For us agnostics and atheists, the Bible has a lot-and I mean a lot- of fallacies that make us shake our heads. I used to be a Christian — so yes, I’ve read the Bible. I never had the desire to read it cover-to-cover, but I’ve read a majority of it. Since I left the church, I often find myself reflecting back on those readings and thinking, “Wow, God’s a psychopath.”
Before you assume I’m a God-hater, remember that atheists don’t hate God; we simply don’t think he exists. However, assuming the God described in the Bible were real, by today’s standards, he’d be a complete psychopath. Think about it. How many times in the Bible does it mention that people were made in “His image?” Often one of the biggest confidence-boosters for Christians suffering from self-esteem issues is to be reminded that they were made in God’s image, and to accept their flaws and imperfections.
This is where the Bible begins to contradict itself. Of all the evil-doers and wicked human beings in the Bible, God personally executes way more people than any mortal. God repeatedly commits mass genocide for crimes such as disobeying Him, worshiping other deities, and doing things that are considered evil in His sight. According to the Bible, God also killed innocent children as a way of punishing their parents for not obeying him. Remember the Holocaust, when Nazis killed children in front of their parents to punish them for being Jewish? That sounds strangely similar to what God does in the Bible- killing innocent babies because their parents weren’t followers of the Lord, or even for just being in the wrong place at the wrong time. The Lord also sicced two bears on 42 children simply for mocking an old man’s bald head (2 Kings 2:24)
So if God created man in his image, why does he create them to be bad enough that he feels the need to kill them? Many argue that God gave man free will, but those are usually the same people that accept horrible diseases killing innocent children as”God’s will.” I can’t help but think of the episode of “Criminal Minds” where a serial killer captured, tortured, then released his victims–only to hunt them down. I feel that God and this guy would get along really well. God creates these people “in his image” just to put them on Earth and smite them if they do anything he deems punishable.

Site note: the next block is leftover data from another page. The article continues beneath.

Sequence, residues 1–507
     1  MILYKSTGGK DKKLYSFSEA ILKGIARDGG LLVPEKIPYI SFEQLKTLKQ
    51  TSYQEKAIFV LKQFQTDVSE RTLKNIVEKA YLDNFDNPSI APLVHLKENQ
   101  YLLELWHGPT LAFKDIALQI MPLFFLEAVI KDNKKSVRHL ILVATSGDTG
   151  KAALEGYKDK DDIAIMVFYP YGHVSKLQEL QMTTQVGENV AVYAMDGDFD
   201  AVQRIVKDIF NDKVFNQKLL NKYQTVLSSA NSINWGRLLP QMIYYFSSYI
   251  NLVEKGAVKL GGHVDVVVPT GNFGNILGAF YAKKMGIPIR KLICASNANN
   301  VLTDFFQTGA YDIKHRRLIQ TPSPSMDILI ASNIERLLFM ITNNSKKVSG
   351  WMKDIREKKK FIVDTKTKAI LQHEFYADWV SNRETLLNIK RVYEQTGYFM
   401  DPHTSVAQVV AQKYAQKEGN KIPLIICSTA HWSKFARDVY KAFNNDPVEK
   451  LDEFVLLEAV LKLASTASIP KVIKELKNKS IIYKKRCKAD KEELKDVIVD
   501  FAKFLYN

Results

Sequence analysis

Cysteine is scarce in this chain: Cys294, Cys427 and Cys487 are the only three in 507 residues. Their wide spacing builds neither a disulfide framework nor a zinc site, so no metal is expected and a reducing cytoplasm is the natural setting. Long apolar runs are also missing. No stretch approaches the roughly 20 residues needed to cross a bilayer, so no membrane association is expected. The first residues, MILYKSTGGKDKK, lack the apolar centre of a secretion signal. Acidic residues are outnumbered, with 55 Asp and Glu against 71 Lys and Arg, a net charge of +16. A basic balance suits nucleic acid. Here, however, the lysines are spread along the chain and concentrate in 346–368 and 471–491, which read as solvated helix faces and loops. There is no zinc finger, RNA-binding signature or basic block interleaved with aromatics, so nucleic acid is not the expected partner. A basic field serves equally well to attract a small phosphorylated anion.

As a woman, it’s hard for me to understand how so many women can be so devoted to a deity that created them imperfectly, then punishes them for being imperfect. Many times women are regarded as property in the Bible. Women are considered property of their fathers until they get married.Once they’re married, they’re the property of their husband. If a woman is raped before marriage, the rapist, whom I’m assuming God created, is supposed to be stoned to death. Although this may seem fair, the logic behind it is a little strange. The rapist isn’t stoned to death for violence against a woman. Instead, he’s punished for “stealing” the father’s property. If a woman is raped when she’s married, the rapist is put to death for stealing the husband’s property. Not only is the rapist punished, but the woman is also punished for adultery against her husband.
I find it amusing when any religion argues that their deity is a loving, peaceful god. If those deities really did exist, I would have a lot of questions and would likely not worship them anyways. I see no logical reason to worship a god that punishes his people for being who he created them to be. When people do good, they praise God or Allah for helping them . They may even be revered by their friends and family as good men or women of God. In the eyes of the religious, doing good means you’ve been blessed by God. However, when they do bad, friends and family blame the person. How is that if God is this good, all-knowing, all powerful deity that he still couldn’t override the bad thoughts and feelings people have? Why didn’t he just make that person good? Or does God actually create bad people?
Even for those rooted tightly in their faith, these are important questions to consider. It’s important that we question our beliefs and the way we think. Even as agnostic, I find myself thinking, “maybe I’m wrong. Maybe there could be a God, but I need solid evidence.”